Market Forces teaches Media how to bend and Media ushers market forces how to shift

With events organized by young Singaporeans (who brought back the Silicon Valley culture to Singapore), a different and emerging new media community is forming from the Nexus 2007 conference and BlogOut! event. This community forms from a congregation of technology bloggers (Kevin Lim, James SengTomorrow.SG, U-ZynPing.SG), media socialists (Walter Lim, Ben Koe, Melvin Yuan), the entrepreneur bloggers (SG Entrepreneurs, Entrepreneur27 and The Digital Movement) and other specialist bloggers (Van Tan, Yesterday.SG and the famous and yet under-mentioned Rambling Librarian, Ivan Chew). This converging group formed from several communities are engaging the mainstream media (for example, STOMP and Straits Times) on issues of web 2.0, technology entrepreneurship and interesting cultural events (World Museums Day), that is outside of the traditional community of social-political blogging.

Yet, online advertising in Singapore has not taken off. Most businesses have not tapped into the power of new media or are reluctant to adopt new media technologies to take their products and services forward, compare to China, the online advertising revenues is growing at a CAGR above 10%. In fact, the whole southeast asia are experiencing slow growth in online advertising. Hence market forces have not really arrived for many out there to take new media seriously. Another trend that is now becoming popular is corporate blogging. Two years ago, we hear the lonely voice of our first local corporate blogger, Tan Kin Lian, the ex-CEO of NTUC Income. Fast forward two years later, after chairing a recent discussion about corporate blogging, I was approached by some local corporations to advise on best practices on how blogging can help the corporation to move forward in customer services, product launches and internal human resource management.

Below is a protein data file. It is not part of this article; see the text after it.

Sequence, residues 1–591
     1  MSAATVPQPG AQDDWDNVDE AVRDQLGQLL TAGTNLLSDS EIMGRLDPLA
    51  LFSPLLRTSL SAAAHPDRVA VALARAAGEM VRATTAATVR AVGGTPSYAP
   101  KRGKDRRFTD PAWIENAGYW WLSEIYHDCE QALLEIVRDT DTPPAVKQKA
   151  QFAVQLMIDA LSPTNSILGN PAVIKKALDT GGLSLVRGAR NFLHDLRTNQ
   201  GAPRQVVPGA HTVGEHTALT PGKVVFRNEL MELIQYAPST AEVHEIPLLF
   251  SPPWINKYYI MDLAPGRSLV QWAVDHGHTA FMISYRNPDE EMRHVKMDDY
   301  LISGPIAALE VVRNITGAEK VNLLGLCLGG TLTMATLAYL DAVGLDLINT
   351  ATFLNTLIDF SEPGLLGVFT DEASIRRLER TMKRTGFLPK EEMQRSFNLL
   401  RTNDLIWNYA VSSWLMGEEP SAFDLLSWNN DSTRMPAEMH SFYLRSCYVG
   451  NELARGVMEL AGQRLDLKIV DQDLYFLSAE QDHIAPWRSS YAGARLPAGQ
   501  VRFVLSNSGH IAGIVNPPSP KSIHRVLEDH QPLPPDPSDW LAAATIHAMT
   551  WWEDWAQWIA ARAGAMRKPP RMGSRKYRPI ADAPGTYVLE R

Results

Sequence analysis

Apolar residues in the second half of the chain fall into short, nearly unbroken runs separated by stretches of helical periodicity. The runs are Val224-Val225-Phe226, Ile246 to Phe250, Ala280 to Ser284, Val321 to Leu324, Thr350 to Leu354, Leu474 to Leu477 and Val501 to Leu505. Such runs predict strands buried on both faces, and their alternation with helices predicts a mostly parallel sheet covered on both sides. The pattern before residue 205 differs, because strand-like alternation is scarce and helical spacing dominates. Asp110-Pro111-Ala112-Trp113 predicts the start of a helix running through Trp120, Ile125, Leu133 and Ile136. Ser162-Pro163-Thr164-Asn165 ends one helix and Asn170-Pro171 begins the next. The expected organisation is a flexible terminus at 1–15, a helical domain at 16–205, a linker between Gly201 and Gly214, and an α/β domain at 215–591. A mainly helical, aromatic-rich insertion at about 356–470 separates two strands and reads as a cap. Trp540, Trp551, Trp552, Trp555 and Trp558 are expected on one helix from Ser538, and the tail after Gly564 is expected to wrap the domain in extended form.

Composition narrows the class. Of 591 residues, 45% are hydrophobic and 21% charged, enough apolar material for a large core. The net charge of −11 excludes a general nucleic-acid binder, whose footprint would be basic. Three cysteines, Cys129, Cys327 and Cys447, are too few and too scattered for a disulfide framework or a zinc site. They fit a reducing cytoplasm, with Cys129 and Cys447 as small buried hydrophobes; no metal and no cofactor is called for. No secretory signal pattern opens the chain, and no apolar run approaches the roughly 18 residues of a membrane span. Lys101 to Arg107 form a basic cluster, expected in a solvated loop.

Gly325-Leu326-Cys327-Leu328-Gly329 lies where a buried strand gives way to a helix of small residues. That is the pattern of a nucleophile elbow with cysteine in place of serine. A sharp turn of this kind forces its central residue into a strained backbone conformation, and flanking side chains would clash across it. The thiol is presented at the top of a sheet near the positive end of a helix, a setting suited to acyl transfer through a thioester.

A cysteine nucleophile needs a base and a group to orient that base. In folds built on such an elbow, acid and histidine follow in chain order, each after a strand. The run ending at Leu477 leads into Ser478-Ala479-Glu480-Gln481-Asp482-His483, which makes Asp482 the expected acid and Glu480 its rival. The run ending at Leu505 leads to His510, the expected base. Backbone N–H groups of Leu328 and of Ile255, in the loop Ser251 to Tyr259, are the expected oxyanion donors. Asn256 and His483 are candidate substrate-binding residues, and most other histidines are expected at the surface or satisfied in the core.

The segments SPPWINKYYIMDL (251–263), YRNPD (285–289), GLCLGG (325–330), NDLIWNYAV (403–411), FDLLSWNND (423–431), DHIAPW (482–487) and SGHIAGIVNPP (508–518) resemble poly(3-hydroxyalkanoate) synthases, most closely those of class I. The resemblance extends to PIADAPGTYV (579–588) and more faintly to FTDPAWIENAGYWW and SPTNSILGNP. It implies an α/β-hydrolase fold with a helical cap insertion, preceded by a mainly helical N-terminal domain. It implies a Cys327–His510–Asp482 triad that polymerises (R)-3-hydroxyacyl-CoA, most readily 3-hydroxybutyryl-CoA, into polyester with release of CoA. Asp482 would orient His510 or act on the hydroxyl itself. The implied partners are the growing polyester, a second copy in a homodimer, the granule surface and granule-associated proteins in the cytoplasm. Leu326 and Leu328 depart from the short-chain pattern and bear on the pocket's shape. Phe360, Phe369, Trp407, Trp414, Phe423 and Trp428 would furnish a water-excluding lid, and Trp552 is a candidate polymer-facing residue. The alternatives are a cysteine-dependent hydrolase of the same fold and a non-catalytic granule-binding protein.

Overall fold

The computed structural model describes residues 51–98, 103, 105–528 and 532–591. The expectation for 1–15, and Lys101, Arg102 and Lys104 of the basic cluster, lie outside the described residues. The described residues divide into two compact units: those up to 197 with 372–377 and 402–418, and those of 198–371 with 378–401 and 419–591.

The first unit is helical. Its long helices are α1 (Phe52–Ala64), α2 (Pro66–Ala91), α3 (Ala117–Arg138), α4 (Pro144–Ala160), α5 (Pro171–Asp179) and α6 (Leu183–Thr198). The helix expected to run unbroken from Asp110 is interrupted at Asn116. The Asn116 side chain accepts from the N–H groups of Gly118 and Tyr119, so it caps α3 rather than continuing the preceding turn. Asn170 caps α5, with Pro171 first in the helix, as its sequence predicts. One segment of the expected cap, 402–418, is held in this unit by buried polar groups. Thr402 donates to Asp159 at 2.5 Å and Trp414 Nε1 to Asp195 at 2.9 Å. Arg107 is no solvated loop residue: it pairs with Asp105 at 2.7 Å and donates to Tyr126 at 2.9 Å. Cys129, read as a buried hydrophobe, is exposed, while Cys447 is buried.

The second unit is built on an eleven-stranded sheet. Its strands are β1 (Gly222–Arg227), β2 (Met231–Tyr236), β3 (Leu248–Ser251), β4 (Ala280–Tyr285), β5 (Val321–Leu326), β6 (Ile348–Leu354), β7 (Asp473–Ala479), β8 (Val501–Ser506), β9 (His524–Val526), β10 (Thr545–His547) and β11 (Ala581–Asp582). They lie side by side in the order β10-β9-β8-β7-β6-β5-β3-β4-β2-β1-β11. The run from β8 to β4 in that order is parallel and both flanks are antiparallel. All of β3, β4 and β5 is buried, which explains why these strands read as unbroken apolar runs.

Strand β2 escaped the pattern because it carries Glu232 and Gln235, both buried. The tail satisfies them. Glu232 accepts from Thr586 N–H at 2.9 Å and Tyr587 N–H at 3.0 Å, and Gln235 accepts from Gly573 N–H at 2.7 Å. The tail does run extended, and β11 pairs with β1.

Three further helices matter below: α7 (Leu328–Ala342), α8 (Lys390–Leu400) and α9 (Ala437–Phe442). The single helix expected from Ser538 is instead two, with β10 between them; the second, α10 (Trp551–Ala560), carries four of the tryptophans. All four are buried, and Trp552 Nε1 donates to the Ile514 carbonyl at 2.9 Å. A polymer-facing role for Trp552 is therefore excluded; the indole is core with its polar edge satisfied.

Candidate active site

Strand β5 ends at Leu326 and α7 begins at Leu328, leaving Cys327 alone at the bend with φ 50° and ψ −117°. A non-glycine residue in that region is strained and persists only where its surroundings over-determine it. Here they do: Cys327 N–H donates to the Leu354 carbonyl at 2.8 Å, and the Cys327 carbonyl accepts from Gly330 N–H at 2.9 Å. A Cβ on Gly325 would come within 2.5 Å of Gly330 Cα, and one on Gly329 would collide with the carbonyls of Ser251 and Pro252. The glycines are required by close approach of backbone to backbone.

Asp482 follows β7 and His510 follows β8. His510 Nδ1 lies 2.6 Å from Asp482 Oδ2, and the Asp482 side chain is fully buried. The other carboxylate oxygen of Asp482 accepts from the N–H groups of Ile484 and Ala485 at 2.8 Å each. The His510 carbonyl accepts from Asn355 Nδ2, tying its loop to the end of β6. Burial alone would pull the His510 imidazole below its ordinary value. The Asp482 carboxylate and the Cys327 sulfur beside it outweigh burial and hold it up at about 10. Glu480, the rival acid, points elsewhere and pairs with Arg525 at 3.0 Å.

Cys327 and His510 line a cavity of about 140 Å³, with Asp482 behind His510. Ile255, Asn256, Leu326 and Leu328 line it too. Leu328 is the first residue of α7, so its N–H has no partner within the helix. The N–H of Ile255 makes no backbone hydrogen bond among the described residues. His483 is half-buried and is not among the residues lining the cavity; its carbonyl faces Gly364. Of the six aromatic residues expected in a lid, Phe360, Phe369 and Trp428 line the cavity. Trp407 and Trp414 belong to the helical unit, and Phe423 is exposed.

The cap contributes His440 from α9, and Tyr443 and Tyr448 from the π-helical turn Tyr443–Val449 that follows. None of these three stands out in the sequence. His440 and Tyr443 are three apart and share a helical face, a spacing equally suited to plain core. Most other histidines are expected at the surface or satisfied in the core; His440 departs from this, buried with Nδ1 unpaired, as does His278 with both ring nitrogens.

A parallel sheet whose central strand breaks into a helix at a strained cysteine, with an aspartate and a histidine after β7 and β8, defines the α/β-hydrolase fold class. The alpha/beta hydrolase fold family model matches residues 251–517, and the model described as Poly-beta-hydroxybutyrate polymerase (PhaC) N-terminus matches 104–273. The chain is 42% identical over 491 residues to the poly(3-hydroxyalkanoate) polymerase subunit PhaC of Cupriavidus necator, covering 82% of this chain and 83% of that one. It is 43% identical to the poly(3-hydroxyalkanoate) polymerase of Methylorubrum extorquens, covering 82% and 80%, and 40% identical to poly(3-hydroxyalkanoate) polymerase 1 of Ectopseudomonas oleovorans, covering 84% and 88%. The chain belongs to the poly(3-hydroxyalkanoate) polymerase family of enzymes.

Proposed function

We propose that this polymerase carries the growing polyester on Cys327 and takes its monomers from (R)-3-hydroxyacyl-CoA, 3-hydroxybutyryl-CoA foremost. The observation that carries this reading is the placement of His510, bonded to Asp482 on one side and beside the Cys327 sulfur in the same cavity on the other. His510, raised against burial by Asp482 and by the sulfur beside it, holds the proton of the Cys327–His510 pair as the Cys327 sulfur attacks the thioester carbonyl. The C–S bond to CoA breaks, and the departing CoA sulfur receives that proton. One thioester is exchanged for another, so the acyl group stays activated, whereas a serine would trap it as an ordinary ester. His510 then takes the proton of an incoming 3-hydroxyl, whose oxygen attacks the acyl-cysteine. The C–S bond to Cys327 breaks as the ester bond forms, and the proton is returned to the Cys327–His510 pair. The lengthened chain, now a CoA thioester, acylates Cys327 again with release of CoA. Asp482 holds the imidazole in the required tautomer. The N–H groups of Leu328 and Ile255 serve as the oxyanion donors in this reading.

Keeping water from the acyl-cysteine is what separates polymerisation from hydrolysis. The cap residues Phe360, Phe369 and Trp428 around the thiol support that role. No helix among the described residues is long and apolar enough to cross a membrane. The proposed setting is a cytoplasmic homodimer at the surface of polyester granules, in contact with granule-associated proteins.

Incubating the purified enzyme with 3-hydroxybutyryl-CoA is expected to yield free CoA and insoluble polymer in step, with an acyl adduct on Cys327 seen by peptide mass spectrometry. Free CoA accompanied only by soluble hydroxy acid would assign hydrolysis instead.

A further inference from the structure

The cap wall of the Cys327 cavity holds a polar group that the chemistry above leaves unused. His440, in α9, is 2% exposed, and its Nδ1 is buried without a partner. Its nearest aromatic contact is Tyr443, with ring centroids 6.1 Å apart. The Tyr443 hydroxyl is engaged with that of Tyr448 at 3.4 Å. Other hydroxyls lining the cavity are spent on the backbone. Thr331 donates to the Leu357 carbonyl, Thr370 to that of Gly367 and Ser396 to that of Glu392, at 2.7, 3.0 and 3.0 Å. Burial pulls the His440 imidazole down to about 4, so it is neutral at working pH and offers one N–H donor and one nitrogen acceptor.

With the success of new media in the US and UK, the establishment has relented to market forces despite their conservative stance against new media. Ultimately, what excites the establishment is a robust and vibrant economy. Market forces will usher them to look to ways in adapting the new media. In fact, a lot of schools are into blogging, podcasts and videocasts and microfunds are established by various agencies (MDA) to start up new companies in this industry. That comes to a much more difficult question for the policy makers: the more I democratize information, the less control I will have. So, where is that balance between the virtues and vices of new media?

The Chronicles of Mis-Information in New Media: The Spam, Poison Pens and Unfair Commentaries

“When information is democratized, isn’t vandalism just free speech?”
– Stephen Colbert to Jimmy Wales (Founder of Wikipedia)

Inherently, even countries like US and China, the biggest threats in the cyberspace are terrorism and national security. Whether you live in a democratic or autocratic country, you will have no choice to abide by very strong legislation to protect the interests of the state from new media abuse. Increasingly with the democratization of information in the web, the establishment will either create more stringent laws to regulate the media or open up but keeping the fundamentals tighten. The internet has removed the geographical boundaries among nations, and hence, it is no longer possible to stop others from getting information from various sources. Will countries cease to exist with the expansion of the internet? That is a question that we can leave to another day.